What is Radon?
- Radon comes from the natural breakdown of uranium in soil,
rock and water.
- The release of this radioactive gas enters the air you breathe,
causing a potential health risk to you and your family.
- Radon gas can be found in just about anywhere. It can get into
any type of building -- homes, offices, and schools -- and build
up to high levels.
What you should know about Radon
Radon is a cancer causing radioactive gas. You cannot see
radon and you cannot smell it or taste it, but it may be a problem
in your home. This is because when you breathe air-containing
radon, you increase your risk of getting lung cancer. In fact, the
Surgeon General has warned that radon is the second leading
cause of lung cancer.
You should test for radon. Testing is the only way to find out
about your home's radon level. The EPA and the Surgeon General
recommend testing of all homes below the third floor for radon.
You can fix a radon problem. If you find that you have high radon
levels, there are ways to fix a radon problem. Even very high levels can be
reduced to acceptable levels.
If you are buying a home. EPA recommends that you obtain the radon level in
the home you are considering buying. An EPA publication "The Home Buyer's
and Seller's Guide" is available through most State Health Departments or
Regional EPA offices listed in your local phone book. EPA also recommends
that you use a certified or state licensed radon tester to perform the test. If
elevated levels are found it is recommended that these levels be reduced. In
most cases, a professional can accomplish this at reasonable cost or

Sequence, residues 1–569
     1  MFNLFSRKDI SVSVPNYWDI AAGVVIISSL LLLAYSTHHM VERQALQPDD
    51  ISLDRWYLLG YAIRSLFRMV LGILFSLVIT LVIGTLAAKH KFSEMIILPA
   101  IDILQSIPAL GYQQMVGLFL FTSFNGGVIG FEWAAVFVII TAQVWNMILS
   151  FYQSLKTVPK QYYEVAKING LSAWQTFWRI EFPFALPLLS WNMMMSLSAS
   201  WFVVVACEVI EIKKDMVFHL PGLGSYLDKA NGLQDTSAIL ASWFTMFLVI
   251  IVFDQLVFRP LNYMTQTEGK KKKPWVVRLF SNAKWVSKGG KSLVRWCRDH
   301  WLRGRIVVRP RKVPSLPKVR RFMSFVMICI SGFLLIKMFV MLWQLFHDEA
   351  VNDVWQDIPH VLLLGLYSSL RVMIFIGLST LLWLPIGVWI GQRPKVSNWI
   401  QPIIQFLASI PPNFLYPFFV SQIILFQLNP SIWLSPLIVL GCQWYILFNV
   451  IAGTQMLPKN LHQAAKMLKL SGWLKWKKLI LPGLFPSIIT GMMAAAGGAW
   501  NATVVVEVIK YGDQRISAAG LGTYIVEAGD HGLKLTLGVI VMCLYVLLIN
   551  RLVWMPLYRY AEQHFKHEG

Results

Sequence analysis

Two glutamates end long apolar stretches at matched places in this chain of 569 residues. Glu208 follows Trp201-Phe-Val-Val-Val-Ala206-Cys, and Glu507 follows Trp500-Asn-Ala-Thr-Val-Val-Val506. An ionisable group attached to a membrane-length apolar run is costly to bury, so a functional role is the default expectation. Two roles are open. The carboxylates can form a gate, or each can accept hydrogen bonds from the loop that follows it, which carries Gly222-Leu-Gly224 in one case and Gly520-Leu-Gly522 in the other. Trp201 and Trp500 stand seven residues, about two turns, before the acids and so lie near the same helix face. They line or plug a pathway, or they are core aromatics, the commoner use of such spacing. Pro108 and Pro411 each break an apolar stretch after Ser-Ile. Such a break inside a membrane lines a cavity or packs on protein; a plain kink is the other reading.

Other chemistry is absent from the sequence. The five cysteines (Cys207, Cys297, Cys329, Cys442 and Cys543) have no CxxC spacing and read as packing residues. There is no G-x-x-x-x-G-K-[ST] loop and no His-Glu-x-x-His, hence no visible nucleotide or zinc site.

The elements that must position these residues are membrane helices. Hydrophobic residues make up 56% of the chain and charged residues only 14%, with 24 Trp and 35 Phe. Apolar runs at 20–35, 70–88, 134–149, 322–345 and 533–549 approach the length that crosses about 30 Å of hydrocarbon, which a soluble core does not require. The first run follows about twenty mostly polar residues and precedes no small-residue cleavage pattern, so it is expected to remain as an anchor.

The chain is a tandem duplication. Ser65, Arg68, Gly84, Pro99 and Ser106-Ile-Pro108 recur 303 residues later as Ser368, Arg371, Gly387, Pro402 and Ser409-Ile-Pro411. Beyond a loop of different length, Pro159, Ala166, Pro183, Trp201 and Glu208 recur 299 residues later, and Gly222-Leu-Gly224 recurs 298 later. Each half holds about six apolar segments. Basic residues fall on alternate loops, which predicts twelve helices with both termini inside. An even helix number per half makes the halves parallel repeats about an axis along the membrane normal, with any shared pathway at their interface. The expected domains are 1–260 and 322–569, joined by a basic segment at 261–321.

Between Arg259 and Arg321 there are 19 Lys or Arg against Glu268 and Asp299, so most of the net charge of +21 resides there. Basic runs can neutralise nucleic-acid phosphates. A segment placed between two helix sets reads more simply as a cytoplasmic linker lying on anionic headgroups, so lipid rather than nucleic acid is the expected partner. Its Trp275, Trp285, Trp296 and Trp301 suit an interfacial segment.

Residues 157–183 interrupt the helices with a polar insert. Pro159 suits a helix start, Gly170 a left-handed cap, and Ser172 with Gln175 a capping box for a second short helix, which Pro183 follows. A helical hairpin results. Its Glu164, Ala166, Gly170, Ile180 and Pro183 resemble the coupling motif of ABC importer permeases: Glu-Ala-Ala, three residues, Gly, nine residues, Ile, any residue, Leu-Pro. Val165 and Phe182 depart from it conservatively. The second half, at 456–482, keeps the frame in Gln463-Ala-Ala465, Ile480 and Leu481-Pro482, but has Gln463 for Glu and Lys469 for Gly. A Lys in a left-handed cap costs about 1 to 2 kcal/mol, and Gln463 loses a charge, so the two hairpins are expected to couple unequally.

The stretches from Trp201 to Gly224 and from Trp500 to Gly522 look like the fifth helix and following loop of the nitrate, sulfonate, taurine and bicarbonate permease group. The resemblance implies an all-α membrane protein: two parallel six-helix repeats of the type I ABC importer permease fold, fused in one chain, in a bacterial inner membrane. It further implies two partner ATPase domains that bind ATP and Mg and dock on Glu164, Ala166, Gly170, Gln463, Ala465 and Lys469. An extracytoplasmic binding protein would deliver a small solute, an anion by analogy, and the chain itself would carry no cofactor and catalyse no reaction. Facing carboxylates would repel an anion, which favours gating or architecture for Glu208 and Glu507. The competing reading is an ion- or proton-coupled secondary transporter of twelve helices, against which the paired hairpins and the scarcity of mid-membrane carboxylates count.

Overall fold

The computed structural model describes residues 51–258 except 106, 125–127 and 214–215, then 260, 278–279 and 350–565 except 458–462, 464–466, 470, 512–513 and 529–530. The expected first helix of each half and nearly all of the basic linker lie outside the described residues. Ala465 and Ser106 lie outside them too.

homeowner installed mitigation system that adheres to the EPA's approved
methods for reduction of radon in a residential structure.
What are the Risk Factors?
The EPA, Surgeon General and The Center for Disease Control, have all agreed
that continued exposure to Radon gas can cause lung cancer.
In fact, their position on the matter is that all homes should be tested for radon
gas exposure, and all homes testing over 4 pCi/L should be fixed.
How Does Radon Enter the Home?
Typically the air pressure inside your home is lower than the pressure in the soil
around your home's foundation.
Due to this difference, your house acts like a vacuum, drawing radon gas in
through foundation cracks and other openings of your home.
Radon may also be present in well water and can be released into the air in your
home when water is used for showering and other household uses.
Potential Entry Points:
- 1 Cavities inside walls
- 2 Cracks in solid floors
- 3 Construction joints
- 4 Cracks in walls
- 5 The water supply
- 6 Gaps in suspended floors
- 7 Gaps around service pipes
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